Some of the cuts in social spending are drastic. This is most obvious in the health budget, which will drop from €24.5 billion this year to €16.2 billion next year. In 2022, it had amounted to €64.4 billion. This 75 percent cut is partly due to the fact that the government has almost completely cut funding for monitoring and combating COVID-19, even though the pandemic continues to spread and generate ever new variants. There is also hardly any money for research and cures for Long Covid, even though hundreds of thousands suffer from it.

In Germany, people with private health insurance account for 11% of the population. They tend to be wealthier and are prioritized by health care providers due to financial incentives for physicians who can charge higher fees for the same services. This effectively encourages  more to purchase private insurance. Meanwhile, workers are expected to have to contribute a larger percentage of their wages to their mandatory health insurance payments next year.

International investors are seeing opportunities in the cracks in the system. International investment groups are buying up doctors’ practices in Germany. From Deutsche Welle:

A study published in May by the financial research collective Finanzwende found that private equity firms bought 174 German doctors’ practices in 2022, up from 140 in 2021 and just two in 2010. And, according to research by the public broadcaster NDR, such firms now own hundreds of practices across Germany, to the extent that single chains have a monopoly in certain regions and towns.


Germany’s 2024 budget plan, which still needs to be formally passed, also scales back housing benefits by 16 percent. The housing benefit is support for households that don’t have enough income to pay for adequate accommodation. It’s not a great time to be slashing the budget for housing assistance. Deutsche Welle describes the unaffordability crisis in the country:

Germany is traditionally a nation of tenants. While across Europe around 70% of the population own the house or apartment they live in, only 46% of people living in Germany do so. In major cities, that ratio is even lower.

If you want to rent a nice apartment in a good location in Berlin, you need a lot of money. A “wonderfully spacious 4-room apartment” in Berlin’s upmarket Charlottenburg district: 182 square meters, furnished, the rent is €8,190 ($8,947) per month. Plus heating, electricity and other incidental costs, that amounts to over €50 per square meter.

A so-called rental price cap was included in the German Civil Code in June 2015. According to this, when signing a new rental agreement, the rent may not be more than 10% above the local comparative rent. But in Berlin and other large cities, landlords have found a lucrative way around this: The cap does not apply to furnished apartments and contracts for short rental periods. So now, more than half of all apartments in Berlin are offered as “furnished.”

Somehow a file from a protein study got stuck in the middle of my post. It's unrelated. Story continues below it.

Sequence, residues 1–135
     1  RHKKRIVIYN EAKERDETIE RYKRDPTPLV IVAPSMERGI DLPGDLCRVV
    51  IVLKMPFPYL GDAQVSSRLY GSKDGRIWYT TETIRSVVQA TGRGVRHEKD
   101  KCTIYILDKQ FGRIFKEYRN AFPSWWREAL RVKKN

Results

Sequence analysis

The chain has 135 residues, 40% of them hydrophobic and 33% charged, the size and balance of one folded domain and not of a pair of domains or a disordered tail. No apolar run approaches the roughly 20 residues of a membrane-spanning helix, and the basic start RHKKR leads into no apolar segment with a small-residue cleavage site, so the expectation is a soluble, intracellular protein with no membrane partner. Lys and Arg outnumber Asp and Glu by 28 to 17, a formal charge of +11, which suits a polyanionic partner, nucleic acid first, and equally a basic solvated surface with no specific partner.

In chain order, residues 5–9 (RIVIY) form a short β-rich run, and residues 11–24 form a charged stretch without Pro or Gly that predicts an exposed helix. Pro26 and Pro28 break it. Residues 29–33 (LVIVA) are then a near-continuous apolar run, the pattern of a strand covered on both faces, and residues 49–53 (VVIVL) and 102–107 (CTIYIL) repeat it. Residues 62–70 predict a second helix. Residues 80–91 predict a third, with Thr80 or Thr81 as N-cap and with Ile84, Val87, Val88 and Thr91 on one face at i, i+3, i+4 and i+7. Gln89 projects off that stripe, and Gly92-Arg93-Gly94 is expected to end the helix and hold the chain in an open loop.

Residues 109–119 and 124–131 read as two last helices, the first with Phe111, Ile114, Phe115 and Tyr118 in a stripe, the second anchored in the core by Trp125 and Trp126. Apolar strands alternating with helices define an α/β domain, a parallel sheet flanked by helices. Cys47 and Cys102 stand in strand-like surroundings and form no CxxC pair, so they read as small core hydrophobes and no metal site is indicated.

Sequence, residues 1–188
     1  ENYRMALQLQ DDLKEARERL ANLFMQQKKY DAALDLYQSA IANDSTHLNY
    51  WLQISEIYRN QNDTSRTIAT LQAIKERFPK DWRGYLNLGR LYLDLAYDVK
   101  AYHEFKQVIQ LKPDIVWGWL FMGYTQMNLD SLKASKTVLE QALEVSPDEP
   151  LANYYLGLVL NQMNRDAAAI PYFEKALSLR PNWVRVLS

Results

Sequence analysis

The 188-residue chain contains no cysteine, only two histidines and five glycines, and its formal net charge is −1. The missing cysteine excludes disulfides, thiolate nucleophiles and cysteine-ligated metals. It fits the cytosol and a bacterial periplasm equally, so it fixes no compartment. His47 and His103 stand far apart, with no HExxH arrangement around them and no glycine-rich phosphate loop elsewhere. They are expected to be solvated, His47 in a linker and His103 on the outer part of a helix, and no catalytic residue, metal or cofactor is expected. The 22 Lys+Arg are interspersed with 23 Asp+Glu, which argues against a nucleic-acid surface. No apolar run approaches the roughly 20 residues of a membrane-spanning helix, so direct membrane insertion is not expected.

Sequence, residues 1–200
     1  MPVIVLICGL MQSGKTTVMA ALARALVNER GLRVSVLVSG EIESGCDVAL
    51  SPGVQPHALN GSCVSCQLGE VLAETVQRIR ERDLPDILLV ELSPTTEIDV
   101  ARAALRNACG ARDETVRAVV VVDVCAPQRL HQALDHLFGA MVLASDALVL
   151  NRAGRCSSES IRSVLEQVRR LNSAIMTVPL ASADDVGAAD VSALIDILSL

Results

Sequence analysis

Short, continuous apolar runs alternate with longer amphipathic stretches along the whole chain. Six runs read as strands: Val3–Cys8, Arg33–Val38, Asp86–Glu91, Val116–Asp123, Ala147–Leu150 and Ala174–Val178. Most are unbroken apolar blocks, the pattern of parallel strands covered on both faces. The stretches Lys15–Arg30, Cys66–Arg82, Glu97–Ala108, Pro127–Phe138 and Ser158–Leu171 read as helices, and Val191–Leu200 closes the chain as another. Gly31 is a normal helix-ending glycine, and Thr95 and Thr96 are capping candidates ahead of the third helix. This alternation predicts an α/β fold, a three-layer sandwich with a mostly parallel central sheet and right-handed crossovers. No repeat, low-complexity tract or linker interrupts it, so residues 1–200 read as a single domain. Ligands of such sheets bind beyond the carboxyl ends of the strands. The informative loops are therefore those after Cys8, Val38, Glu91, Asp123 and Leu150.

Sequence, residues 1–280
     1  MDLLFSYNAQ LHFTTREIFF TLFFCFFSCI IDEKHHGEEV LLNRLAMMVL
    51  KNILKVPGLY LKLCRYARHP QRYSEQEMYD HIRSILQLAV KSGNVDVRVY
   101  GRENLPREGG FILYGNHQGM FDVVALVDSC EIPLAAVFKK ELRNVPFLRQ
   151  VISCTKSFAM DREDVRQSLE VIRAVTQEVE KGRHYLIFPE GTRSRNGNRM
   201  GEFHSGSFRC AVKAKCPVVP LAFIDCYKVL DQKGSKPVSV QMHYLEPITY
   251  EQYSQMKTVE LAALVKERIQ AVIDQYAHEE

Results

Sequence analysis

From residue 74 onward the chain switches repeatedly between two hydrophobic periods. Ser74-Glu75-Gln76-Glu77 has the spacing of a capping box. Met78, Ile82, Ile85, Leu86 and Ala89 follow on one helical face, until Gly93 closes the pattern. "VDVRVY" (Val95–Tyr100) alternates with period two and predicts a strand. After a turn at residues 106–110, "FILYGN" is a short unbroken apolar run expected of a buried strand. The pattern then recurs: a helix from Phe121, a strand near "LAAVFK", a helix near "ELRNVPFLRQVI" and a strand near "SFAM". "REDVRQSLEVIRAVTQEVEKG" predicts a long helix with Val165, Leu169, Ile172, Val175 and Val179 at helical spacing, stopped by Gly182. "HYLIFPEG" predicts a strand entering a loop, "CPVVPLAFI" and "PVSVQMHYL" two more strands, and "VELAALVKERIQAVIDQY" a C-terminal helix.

A rent level of €6.50 to €7.50 per square meter is considered socially acceptable in Germany. But for that price, you can’t even find an apartment on the outskirts of Berlin these days….

In Germany, the average net income — the amount that remains after taxes and social security payments have been deducted — currently stands at €2,165, according to the Federal Statistical Office. Around one-third of this income is spent on rent. But even that is often not enough. In Munich, a square meter now costs €19 in rent, in Stuttgart €18, in Dusseldorf and Cologne €12 to €13 and in Berlin €11.

As a greater share of salaries and pensions go to rent, poverty is soaring. Austerity measures similar to those coming from Berlin are likely be imposed across the EU soon. The European Central Bank is calling on governments to end subsidies intended to help people deal with high energy prices due to the West’s proxy war against Russia in Ukraine. The ECB argues that eliminating the subsidies will help prices stabilize. Sure, they might stabilize at an unaffordable level, but stable they will be.

Germany, which intends to cut its deficit to 2.0 percent next year from 2.5 percent, is still debating whether to keep energy subsidies for industry, but is facing strong pressure from the ECB to end them. An end to the German subsidies would almost certainly devastate the country’s industry, but the ECB and European Commission argue that keeping them would set a bad example for the rest of the bloc, which due to rules, must start imposing austerity. From Reuters: 

EU law says budget deficits, if in excess of 3.0% of GDP, must shrink by 0.5% each year until they comply with the limit.

The European Commission has also promised to start disciplinary steps against those with budget gaps above 3.0% next year, which could in theory lead to fines.


While austerity is pushed from Brussels, European capitols are also expected to start spending more on their militaries with Germany leading the way. In its current budget, Berlin will spend 85.5 billion euros for military purposes next year, the highest sum since the end of the Second World War. From WSWS:

The draft budget of the Defence Ministry only shows expenditure of €51.8 billion, 1.7 billion more than in the current year. But on top of that, there are €19.2 billion from the Bundeswehr’s “Special Fund,” as well as other expenditures hidden in other budgets. To Ukraine alone, Lindner has promised €5 billion in military aid every year until 2027. Together, the military expenditure thus amounts to €85.5 billion euros—the sum that Germany declares to NATO.